DEC expands Meeker plume testing

State Environmental and Health officials released new findings regarding a soil gas plume underneath Meeker Avenue in the northeast corner of Greenpoint, which include the discovery of very high levels of a toxin in the groundwater on an industrial lot.

At a public meeting on February 4 in St. Cecilia’s Church Auditorium (24 North Henry St.), Department of Environmental Conservation (DEC) Project Manager David Harrington noted that soil gas samplings under the southwest corner of Norman and Kingsland Avenues found 73 million parts per billion of PCE, or perchloroethylene, a chemical commonly used in industrial dry cleaning.

“We got hit in the face with it before we got our gear on,” said Harrington. “It smelled like white-out times a thousand with a lot of sugar thrown in for a couple of seconds until my nasal lining burned out. That’s pure product. If you smell something like that, that’s when you know you’ve got the good stuff.”

Overshadowed by the Greenpoint Oil Spill and sediment contamination in Newtown Creek that has led the EPA to recommend Superfund, the Meeker Avenue Plumes first gained public attention in winter 2008. The state has quietly proceeded to test soil and groundwater since they first discovered soil gas plumes with significant concentrations of PCE and TCE. Over a period of two and a half years, the DEC has made 110 soil borings, 35 temporary groundwater points, 63 soil gas wells and 75 groundwater monitoring wells to sample the area, which is bounded by Newtown Creek, Norman Avenue, Kingsland Avenue and Withers Street.

While the DEC traced the contaminants to five former industrial sites in East Williamsburg and Greenpoint, including the former Klink Cosmo Cleaners, the former Spic and Span Cleaners and Dyers and the ACME Steel Metal Works sites, the Department of Health (DOH) conducted sub-slab indoor air sampling in 63 residences and tested 45 homes in the project area in the past year.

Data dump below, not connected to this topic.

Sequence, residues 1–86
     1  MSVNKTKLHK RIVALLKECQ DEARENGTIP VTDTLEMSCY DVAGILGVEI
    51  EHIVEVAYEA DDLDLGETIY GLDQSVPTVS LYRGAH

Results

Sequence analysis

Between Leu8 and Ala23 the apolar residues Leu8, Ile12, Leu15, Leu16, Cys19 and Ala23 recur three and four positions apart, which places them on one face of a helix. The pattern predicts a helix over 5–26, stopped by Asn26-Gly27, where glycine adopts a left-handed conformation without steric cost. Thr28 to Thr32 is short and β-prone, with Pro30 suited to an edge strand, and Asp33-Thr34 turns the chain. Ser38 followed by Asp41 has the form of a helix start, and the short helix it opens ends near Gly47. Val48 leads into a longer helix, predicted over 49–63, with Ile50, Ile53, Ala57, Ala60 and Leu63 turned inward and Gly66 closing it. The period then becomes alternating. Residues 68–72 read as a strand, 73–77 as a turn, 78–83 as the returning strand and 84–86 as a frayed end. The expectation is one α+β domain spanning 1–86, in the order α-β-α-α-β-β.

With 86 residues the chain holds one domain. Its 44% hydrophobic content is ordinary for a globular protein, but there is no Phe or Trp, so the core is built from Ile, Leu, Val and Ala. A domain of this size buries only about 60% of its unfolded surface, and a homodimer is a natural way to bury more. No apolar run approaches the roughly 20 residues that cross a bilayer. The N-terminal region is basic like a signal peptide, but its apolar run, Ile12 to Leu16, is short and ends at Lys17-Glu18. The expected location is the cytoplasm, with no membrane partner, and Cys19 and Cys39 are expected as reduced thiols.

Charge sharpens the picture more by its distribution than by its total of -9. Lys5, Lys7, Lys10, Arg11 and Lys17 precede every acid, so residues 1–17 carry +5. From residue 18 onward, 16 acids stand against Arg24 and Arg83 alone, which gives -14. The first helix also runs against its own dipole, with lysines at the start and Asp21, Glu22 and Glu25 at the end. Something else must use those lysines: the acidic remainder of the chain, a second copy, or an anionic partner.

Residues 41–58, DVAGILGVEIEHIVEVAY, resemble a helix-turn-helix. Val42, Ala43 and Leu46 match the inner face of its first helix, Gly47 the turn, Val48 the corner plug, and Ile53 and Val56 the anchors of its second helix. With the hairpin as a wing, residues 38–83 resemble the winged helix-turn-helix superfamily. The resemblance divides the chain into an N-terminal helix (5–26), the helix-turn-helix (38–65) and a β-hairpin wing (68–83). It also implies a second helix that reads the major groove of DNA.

Greenpoint resident and Center for Health and Environmental Justice coordinator Michael Schade said that the chemicals, which can migrate into people’s homes and apartments, can pose health hazards to residents in the long term if not mitigated effectively.

“The good news is DEC is testing homes in the community, which can help identify possible problems and prevent exposures,” said Schade. “I hope as many residents will take advantage of this unique opportunity to have their home tested this March. Having your home tested is easy, free, and will help ensure our community is healthier and safer for all.”

In the coming months, the DEC and DOH will expand both environmental sampling and mitigation treatments for homes in affected areas. The DEC will continue to pursue remuneration from responsible parties which could take years to recoup. Cleaning the contaminated sites could take even longer.

“This has been in the ground for 67 years. This is not going to be out in weeks or months. It is going to take years to remove this stuff,” said Harrington.

For more information about the plumes and to get your home tested, or if you have health related questions, call the New York State Department of Health at 1-800-458-1158, extension 2-7860.